The main problem with envelope budgeting in the modern world is that we have become a cashless society. Imagine trying to keep track of expenses, credit cards, online bill payments, and the many other ways we deal with money by using a cash based system.

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Filed under Budgeting

The envelope budgeting method is a tried and true, if not somewhat outdated, way of tracking your finances. Before going into how to use this method in the modern world, I thought I’d present an overview.

In order to fully appreciate the method, let’s return to simpler times when cash was king. When you got your paycheck, you’d cash it and use that cash to pay for your expenses. Instead of just having one pile of cash and pulling from that pile to pay for all expenses, the envelope budgeting method was developed.

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Filed under Budgeting

How many times have we heard budgeting advice simplified down to “cut coffee out of your daily routine”? Sure, it’s sound advice and I’ve probably even made that recommendation myself from time to time. It’s true that cutting back on small, repetitive items can have a large impact, but it’s often easier and more effective to focus budgeting efforts on larger items, what I call the heavy hitters. Reducing costs on more expensive items not only has a larger effect, there’s typically more margin available to be cut.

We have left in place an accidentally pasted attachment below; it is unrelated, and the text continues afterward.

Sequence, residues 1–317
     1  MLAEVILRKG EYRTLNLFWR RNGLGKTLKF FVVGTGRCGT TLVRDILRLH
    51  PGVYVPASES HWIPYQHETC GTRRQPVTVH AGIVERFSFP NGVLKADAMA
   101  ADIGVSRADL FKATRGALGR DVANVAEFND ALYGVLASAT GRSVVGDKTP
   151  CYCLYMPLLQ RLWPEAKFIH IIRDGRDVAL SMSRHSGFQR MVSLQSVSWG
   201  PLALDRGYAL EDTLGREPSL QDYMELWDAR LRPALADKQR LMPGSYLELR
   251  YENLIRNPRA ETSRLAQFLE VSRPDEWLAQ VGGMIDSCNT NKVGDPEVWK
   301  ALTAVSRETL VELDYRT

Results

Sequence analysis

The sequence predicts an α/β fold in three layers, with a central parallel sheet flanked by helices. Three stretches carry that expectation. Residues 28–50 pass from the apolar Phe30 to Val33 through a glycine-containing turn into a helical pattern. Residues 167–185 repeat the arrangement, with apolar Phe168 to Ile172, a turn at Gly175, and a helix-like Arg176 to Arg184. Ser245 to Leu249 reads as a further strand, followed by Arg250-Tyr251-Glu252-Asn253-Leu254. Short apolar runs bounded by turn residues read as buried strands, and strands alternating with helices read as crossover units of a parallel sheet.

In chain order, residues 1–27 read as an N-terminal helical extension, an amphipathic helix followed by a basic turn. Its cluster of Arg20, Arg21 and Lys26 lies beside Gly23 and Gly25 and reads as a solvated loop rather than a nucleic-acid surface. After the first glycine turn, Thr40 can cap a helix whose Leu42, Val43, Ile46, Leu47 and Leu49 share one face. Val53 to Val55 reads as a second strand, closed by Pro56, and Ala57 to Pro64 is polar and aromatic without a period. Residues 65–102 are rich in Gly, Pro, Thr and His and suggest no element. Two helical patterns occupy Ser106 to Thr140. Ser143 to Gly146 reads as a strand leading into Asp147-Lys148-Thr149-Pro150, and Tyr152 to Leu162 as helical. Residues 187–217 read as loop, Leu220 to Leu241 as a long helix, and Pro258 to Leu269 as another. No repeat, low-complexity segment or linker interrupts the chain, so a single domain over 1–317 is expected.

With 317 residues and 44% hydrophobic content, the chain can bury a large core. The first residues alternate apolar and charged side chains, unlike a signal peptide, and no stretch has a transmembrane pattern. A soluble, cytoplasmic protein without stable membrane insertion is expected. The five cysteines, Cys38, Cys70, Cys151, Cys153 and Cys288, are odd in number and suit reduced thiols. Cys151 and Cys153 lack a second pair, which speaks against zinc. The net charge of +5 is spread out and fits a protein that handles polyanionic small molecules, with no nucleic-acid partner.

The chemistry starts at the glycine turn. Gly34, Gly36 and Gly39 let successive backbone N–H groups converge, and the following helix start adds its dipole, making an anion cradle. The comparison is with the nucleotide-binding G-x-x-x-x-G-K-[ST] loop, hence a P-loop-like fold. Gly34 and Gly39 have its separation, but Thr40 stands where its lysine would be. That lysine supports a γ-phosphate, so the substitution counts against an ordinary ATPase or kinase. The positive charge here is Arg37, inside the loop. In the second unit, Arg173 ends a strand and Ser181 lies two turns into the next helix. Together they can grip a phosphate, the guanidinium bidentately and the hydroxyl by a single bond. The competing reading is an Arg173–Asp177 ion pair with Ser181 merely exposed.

This philosophy is similar to one outlined by authors Marcus Buckingham and Curt Coffman in their book First, Break All the Rules. They stressed the value of managers spending as much time as possible with their top performers rather than wasting time on under performers. The same idea applies to your budget: Spend as much time and effort reducing your largest costs. You can cut back on coffee all you want, but doing so won’t have nearly the effect as reducing your largest costs (like housing, insurance, and food) by the same percentage.